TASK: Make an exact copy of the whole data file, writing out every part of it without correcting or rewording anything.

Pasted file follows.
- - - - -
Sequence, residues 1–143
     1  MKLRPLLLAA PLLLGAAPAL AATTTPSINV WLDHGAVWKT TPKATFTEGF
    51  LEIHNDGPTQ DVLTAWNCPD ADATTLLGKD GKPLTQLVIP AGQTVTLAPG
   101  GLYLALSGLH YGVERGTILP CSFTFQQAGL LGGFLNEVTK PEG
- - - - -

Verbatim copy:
Sequence, residues 1–143
     1  MKLRPLLLAA PLLLGAAPAL AATTTPSINV WLDHGAVWKT TPKATFTEGF
    51  LEIHNDGPTQ DVLTAWNCPD ADATTLLGKD GKPLTQLVIP AGQTVTLAPG
   101  GLYLALSGLH YGVERGTILP CSFTFQQAGL LGGFLNEVTK PEG